Acoustic Energy's new Radiance 2 model certainly looks the business, from its high-tech DXT tweeter waveguide at the top, down to the substantial and properly engineered outriggers around the base that keep the whole thing from tipping over too easily.
It's also wrapped up in an admittedly rather utilitarian real-wood veneer, all of which seems to represent pretty good value for money at £1,000 for the pair.
Pick of the bunch
The '2' is the middle of three Radiance models and the last to come under Hi-Fi Choice scrutiny. That's because it came rather later to the market, which in turn implies that the engineers spent a little more time refining the design.
In fact, it took at least three years to bring the original Radiance models to market and the extra year spent developing and refining this Radiance 2 model would seem to have been time well spent, even though its similarity to the larger Radiance 3 and smaller Radiance 1 is close and unmistakeable.
However, whereas the Radiance 3 (and for that matter its much less costly Aelite 3 cousin) is a three-way design with twin 160-millimetre bass-only drivers and the Radiance 1 is a simple two-way standmount, this Radiance 2 splits the difference by operating in a two-and-a-halfway configuration.
It has two 130mm drivers, each using 95mm diameter metal alloy cones with AE's characteristic 'pointy' integral dust cover. The upper drive unit operates as a bass/mid unit here, while the lower one just provides some extra bass weight. Both units are separately loaded by their own ported sub-enclosures, the bass-only driver by a front port and the bass/mid unit by a port located high up on the rear.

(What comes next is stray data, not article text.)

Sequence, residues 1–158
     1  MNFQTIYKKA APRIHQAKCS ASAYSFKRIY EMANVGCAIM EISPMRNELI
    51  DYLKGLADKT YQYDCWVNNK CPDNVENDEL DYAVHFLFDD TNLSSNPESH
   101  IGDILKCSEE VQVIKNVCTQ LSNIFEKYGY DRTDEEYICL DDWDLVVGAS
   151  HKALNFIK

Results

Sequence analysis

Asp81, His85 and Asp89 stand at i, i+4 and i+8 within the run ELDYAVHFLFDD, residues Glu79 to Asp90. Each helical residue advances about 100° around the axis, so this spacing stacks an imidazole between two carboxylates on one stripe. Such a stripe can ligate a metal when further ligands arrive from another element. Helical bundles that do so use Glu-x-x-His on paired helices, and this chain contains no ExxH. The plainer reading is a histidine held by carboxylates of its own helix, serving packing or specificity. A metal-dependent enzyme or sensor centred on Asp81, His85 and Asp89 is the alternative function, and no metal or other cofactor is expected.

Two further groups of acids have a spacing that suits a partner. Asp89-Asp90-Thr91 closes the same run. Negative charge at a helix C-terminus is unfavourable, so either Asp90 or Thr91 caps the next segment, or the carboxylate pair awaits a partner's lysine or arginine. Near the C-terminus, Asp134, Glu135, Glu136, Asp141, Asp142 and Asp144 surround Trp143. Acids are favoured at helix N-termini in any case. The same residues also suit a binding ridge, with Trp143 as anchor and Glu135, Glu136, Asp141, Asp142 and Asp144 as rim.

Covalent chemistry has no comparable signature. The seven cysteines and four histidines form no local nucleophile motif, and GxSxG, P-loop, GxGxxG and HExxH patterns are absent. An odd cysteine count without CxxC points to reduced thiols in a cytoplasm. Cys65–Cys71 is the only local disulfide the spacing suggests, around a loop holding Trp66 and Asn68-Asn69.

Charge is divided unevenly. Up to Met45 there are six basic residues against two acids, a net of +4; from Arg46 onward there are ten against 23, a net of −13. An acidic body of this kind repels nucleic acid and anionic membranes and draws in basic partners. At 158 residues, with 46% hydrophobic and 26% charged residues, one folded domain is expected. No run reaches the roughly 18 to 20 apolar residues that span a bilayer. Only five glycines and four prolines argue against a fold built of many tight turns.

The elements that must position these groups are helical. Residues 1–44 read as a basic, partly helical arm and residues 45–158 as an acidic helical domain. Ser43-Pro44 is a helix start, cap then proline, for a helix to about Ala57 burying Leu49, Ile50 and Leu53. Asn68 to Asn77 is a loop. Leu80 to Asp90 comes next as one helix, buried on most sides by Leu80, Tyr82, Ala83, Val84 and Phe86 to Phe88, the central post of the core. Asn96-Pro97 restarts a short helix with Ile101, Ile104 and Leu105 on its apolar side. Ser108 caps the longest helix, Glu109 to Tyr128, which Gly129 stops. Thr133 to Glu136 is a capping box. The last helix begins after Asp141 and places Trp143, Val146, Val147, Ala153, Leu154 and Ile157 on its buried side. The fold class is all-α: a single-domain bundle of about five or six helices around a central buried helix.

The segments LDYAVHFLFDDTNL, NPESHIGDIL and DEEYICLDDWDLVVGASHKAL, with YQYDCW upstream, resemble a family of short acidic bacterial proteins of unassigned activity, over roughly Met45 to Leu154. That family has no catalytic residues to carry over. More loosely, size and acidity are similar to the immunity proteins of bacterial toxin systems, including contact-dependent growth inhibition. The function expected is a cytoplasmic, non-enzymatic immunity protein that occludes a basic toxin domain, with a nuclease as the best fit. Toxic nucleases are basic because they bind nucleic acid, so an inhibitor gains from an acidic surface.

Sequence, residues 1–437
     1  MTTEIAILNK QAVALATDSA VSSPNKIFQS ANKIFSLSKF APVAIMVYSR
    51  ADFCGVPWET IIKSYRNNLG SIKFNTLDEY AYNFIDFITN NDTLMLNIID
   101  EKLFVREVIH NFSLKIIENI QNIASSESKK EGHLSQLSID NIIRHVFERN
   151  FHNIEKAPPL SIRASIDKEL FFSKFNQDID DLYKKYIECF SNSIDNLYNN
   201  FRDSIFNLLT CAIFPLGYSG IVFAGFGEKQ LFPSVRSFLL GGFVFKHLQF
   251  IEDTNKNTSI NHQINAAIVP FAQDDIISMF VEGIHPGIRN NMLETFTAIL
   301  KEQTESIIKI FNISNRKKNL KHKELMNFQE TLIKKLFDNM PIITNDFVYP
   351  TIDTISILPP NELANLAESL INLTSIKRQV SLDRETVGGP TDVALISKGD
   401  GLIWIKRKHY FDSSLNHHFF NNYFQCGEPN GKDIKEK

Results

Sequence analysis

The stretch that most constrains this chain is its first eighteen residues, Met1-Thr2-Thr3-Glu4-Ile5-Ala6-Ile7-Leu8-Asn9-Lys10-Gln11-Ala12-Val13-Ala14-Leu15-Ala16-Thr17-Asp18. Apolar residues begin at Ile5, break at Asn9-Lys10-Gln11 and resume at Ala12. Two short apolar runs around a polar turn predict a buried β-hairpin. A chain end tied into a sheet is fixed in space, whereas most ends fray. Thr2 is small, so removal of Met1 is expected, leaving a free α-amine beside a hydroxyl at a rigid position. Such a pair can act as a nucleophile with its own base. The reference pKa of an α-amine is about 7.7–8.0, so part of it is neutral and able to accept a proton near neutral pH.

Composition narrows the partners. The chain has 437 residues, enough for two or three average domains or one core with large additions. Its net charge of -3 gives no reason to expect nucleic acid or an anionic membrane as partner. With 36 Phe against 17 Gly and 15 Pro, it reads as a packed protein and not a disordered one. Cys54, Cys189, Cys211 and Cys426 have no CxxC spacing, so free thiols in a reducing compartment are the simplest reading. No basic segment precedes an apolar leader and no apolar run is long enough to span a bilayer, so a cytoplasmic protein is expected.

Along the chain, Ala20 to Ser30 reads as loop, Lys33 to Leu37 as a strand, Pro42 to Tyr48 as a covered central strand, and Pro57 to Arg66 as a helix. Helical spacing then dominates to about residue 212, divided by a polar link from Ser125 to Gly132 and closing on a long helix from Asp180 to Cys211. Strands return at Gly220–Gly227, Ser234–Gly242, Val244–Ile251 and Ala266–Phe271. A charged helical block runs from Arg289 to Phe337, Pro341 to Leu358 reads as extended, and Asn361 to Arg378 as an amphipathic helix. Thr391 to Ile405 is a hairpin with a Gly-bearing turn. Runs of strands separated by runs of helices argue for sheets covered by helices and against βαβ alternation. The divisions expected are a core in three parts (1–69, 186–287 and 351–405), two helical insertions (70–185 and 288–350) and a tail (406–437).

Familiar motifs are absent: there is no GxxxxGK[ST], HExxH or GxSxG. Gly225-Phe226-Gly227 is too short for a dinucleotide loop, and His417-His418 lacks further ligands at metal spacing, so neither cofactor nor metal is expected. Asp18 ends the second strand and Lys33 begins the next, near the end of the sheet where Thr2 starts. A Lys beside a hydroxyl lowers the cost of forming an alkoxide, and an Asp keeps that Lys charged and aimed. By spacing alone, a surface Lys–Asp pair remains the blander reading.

Although no mention is made in the manual, if the room match at the bass end proves less than ideal, it would clearly be feasible to re-tune the bottom end by blocking one or other (or both) ports.
The cone drive units have undergone considerable development from those used in earlier Acoustic Energy ranges. FEA modelling has enabled the breakup points to be moved to substantially higher frequencies while at the same time reducing the moving mass.
The magnetic motor design has been improved to increase sensitivity and reduce harmonic distortion and thermal compression. The tweeter – common to all three Radiance models – is one of those 'ring radiator' devices, a design that provides termination for both the inside and the outside of a 38mm soft fabric annular diaphragm.
GOOD VIBRATIONS: The uniquely designed cast-alloy outrigger spiked feet are constructed to enhance the performance of the Radiance 2 by providing a vibration-free footing
This is loaded at the front by the DXT lens to smooth the power response through the crossover region and treble proper.Fed from twin-terminal pairs, the crossover network is deliberately kept as simple as possible.
The enclosure has attractive and functional curved sides and front edges and is finished in either pale or dark real (albeit rather anonymous) wood veneer. Crucially, it sits on substantial cast alloy outrigger spiked feet that ensure fine mechanical stability. Proper 8mm spikes with real lock-nuts provide good floor coupling.
The construction involves forming the curved sides by filleting the inside of the 15mm MDF panels with closely spaced, deep grooves. This allows the curved shape to be formed, increasing damping but reducing rigidity. Structural integrity is then restored by a horizontal partition that creates the separate chambers for each cone drive unit.